For the first time Turkey hosted a second event for hundreds of people from Australia and New Zealand, including Australian Governor-General Sir Peter Cosgrove, who on Thursday commemorated the centenary of two battles during the World War I campaign for Gallipoli, where ANZAC forces fought the Ottoman army
Some 5,000 people from Australia and New Zealand attended commemoration events on Thursday in the northwestern province of Çanakkale where Australian and New Zealand Army Corps (ANZAC) forces fought the Ottoman army 100 years ago in the World War I allied campaign of Gallipoli. The events are a first of their kind, as Turkey only hosts one event in April for Australians and New Zealanders. Thursday's ceremony was a special occasion to give an opportunity to those who were not able to attend April's commemoration for the ANZAC soldiers who died fighting the Ottoman troops, and included descendants of the fallen soldiers.
Australian Governor-General Sir Peter Cosgrove and Turkish officials were among the participants at the ceremony in Yalnızçam (Lone Pine), where more than 2,200 Australian soldiers were killed during an offensive to capture the eponymous site from Ottoman forces on Aug. 6, 1915.
Cosgrove and Çanakkale Governor Ahmet Çınar placed wreaths at a cemetery where troops from the Ottoman army's 57th Infantry Regiment were buried as a gesture of friendship between Turkey and Australia, which were bonded over their losses years after the war.
Cosgrove said at the ceremony that, as an Australian, he was very proud and honored to be at the Turkish cemetery "where very brave men defending Turkish soil fought and died."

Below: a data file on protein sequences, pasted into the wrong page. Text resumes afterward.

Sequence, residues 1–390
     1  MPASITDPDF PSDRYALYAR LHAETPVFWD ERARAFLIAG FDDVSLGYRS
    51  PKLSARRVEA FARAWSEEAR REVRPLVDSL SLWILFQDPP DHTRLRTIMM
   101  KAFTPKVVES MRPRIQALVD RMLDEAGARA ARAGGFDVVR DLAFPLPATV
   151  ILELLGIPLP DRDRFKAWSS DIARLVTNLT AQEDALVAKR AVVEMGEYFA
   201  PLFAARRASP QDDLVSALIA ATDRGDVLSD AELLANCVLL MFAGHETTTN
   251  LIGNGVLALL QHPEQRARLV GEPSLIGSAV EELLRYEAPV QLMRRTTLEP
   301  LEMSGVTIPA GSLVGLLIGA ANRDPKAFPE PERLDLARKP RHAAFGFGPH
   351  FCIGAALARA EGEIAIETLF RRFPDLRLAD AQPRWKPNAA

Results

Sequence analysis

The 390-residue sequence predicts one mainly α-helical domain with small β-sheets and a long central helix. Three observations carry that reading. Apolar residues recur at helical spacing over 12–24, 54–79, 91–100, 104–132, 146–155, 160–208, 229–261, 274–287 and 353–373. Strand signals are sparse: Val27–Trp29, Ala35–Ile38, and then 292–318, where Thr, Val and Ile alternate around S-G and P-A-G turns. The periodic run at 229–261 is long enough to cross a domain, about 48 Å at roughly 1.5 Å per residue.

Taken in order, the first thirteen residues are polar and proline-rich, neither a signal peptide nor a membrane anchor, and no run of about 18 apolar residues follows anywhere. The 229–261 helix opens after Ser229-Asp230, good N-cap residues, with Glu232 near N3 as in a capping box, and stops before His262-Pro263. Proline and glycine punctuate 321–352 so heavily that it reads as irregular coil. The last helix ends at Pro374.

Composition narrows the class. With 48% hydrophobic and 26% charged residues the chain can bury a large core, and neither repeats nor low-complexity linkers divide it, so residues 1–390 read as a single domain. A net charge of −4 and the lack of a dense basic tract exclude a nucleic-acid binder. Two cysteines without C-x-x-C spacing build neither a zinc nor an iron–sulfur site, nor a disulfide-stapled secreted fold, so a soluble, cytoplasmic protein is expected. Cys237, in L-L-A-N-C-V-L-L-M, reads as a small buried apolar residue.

"The 57th Regiment is one of the most famous regiments of modern Turkey," he said, adding that it "represented a path for the Turkish resistance at Gallipoli, which turned the battle for Turkey. The 57th Regiment is no longer on the Turkish order of battle but it lives on, and while people visit this memorial, the regiment will never die," he said.
Australian visitors then proceeded to visit the graves of ANZAC troops buried at Lone Pine Cemetery.
The commemoration events will continue on Friday and over the weekend. Another event is scheduled at Conk Bayırı (Chunuk Bair), the site of a fierce battle between ANZAC troops and the Ottomans that resulted in an Ottoman victory, on Saturday. New Zealander Governor-General Sir Jerry Mateparae, who arrived in Turkey earlier this week, is expected to attend the commemoration event.
More than 43,000 Australians and New Zealanders applied to attend this year's main commemoration event in April but many were unable, as the site cannot accommodate more than 10,000 people.
The Ottoman Empire, which sided with Germany and Austria-Hungary during World War I, faced a major push from Allied forces seeking to control the Çanakkale (Dardanelles) Strait, the gateway to Istanbul - the then-capital of the Ottoman Empire - and the Black Sea from the Aegean and Mediterranean seas. In February 1915, the British and French navies launched a massive attack on the straits, and on March 18, 1915, the primary assault began. When battleships failed to seize the strait, the Allies dispatched troops that landed on the Gallipoli Peninsula in April 1915. This campaign failed as well, with heavy casualties sustained on both sides. The Allies' total casualties amounted to 187,000 soldiers, while Ottoman forces lost about 211,000 troops in the battle, according to Turkish sources, though the exact number of casualties is still unknown.
The campaign, which is considered one of the greatest Ottoman victories during the war, formed the basis for the Turkish War of Independence, whereas it is often considered as marking the birth of national consciousness in Australia and New Zealand.
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